Wed, Jan 11, 2006 - Page 3 News List

New policy aims to counter PRC strategy

By Chiu Yu-Tzu  /  STAFF REPORTER

President Chen Shui-bian's (陳水扁) New Year address stressing the new principles of "active management, effective opening" is Taiwan's pragmatic response to China's establishment of the "Anti-Secession" Law last year, National Security Council Secretary-General Chiou I-jen (邱義仁), said yesterday.

Chiou said yesterday that Taiwan has no choice but to practically adjust its cross-strait policies. Since March last year, when China established its "Anti-Secession" law, which is aimed at blocking Taiwanese moves toward independence, Taiwan has felt the negative impact of Beijing's animosity, and the pressure China puts on Taiwan is still increasing, Chiou said.

The effects of Chen's New Year address stressing tightened cross-strait policies continue to be felt. Criticism from the opposition focuses on the ruling party's reluctance to deal with cross-strait relations directly. However, in terms of the international situation, Chiou said Taiwan has been trapped in an increasingly challenging situation since China promulgated the "Anti-Secession" Law.

"The situation has become antagonistic. It's hard for us not to react to China's recent suppression and ever-harsher treatment of Taiwan in the international community," Chiou said.

Taking the prevention and control of SARS and bird flu as examples, Chiou said that China's moves to belittle Taiwan in the international community have been obvious.

Chiou said that the council has taken the passage of the "Anti-Secession" Law last year seriously and has evaluated its impacts on Taiwan.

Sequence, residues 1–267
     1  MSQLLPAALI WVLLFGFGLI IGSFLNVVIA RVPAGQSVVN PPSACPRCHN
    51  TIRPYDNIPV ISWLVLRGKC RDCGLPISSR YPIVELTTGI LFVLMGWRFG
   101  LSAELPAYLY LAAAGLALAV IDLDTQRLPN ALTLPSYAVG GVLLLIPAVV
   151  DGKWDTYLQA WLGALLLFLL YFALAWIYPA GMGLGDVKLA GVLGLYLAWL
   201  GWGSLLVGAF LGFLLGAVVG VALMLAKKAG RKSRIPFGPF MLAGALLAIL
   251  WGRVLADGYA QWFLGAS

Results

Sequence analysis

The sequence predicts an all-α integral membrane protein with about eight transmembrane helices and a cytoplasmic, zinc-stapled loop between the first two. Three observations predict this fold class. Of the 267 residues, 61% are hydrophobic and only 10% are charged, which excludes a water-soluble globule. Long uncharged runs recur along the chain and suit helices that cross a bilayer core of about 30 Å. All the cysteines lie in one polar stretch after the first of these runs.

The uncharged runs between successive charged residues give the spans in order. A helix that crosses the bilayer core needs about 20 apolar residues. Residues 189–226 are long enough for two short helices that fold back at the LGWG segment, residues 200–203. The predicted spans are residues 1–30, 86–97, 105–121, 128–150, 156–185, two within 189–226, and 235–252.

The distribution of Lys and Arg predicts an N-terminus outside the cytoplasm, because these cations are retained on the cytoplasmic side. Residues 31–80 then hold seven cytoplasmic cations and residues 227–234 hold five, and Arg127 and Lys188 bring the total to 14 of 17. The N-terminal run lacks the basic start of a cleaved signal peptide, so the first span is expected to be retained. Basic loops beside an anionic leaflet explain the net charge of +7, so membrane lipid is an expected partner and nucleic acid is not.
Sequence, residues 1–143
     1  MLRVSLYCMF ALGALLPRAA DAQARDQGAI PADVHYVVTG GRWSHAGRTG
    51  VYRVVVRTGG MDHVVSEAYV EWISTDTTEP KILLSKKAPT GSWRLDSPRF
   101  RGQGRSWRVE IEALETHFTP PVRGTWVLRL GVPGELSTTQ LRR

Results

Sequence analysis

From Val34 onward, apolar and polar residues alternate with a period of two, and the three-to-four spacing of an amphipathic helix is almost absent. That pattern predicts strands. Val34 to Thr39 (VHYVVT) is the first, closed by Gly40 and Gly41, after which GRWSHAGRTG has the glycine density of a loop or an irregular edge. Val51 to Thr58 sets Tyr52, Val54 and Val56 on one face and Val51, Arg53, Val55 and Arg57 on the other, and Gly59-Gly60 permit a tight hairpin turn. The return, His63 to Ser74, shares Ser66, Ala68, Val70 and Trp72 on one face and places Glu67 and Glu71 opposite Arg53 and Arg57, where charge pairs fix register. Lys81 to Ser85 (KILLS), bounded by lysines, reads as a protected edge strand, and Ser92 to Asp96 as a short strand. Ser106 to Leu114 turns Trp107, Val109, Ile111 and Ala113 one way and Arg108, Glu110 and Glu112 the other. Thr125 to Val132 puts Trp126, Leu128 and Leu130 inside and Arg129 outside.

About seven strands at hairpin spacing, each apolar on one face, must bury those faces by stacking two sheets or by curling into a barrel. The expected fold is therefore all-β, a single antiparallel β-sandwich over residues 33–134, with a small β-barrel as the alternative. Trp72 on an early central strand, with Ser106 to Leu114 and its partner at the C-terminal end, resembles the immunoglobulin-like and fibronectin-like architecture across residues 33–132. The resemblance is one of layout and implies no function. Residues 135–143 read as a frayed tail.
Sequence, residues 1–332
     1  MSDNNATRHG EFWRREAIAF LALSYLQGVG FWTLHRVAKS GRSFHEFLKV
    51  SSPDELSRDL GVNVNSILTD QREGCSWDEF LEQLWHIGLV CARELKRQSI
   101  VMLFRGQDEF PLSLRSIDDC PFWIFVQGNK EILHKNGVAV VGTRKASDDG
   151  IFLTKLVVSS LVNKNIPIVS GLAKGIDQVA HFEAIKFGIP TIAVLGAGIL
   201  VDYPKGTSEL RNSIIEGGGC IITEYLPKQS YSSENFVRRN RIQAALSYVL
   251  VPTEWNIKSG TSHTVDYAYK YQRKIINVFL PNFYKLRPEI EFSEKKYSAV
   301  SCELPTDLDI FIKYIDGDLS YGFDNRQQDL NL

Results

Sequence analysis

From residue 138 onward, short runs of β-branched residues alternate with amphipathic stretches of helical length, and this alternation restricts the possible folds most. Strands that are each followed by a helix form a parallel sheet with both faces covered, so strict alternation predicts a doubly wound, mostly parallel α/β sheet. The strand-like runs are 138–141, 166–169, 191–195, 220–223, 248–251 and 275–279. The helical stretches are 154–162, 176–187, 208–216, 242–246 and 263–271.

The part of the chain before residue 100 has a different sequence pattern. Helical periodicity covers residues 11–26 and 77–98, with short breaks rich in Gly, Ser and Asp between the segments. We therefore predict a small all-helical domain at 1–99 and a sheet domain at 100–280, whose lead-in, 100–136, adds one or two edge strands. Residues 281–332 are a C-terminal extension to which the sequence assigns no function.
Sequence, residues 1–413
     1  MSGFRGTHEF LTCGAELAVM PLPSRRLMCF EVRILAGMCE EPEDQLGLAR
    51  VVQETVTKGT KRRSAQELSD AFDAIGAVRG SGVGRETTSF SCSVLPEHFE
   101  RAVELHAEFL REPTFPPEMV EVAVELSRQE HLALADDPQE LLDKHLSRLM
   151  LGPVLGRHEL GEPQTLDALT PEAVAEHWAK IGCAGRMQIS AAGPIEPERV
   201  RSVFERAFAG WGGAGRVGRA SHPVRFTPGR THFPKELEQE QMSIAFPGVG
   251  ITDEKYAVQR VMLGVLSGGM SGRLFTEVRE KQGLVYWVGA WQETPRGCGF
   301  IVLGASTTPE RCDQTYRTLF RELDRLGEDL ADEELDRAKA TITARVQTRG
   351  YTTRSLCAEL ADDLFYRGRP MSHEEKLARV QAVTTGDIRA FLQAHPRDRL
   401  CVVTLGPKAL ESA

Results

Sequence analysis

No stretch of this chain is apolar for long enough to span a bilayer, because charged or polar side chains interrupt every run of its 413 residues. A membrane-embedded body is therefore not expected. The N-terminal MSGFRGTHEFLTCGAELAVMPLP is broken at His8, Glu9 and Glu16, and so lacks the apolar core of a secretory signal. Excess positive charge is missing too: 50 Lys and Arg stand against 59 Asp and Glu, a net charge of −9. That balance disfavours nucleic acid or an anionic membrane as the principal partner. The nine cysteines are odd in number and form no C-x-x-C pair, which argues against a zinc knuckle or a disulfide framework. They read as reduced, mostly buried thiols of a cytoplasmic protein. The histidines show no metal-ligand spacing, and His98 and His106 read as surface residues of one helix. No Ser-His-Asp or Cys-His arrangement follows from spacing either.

However, to confuse the international community, Beijing deliberately invited the opposition leaders to China in May and opened its markets to fruit imports from Taiwan, he said.

"We know that Beijing would like to continue ignoring the popularly elected government. Beijing may think that the strategy is quite successful, but their lack of respect promoted President Chen to urge the Taiwanese people to ditch their fantasies about China," Chiou said.

Chiou said Beijing's contact with the opposition rather than the ruling party was designed to split the people of Taiwan. Chiou said that China's dealings with recent cross-strait issues, including the plan for Taiwan Affairs Office (TAO) Director Chen Yunlin (陳雲林) to visit Taiwan, the funeral of Wang Daohan (汪道涵) last month and the offer of a pair of pandas, remains the same -- avoiding all official channels and the Taiwanese government.

"If Beijing is waiting for 2008, the year the president is due to finish his term, then we now have to adjust our policies and consider things politically," Chiou said.

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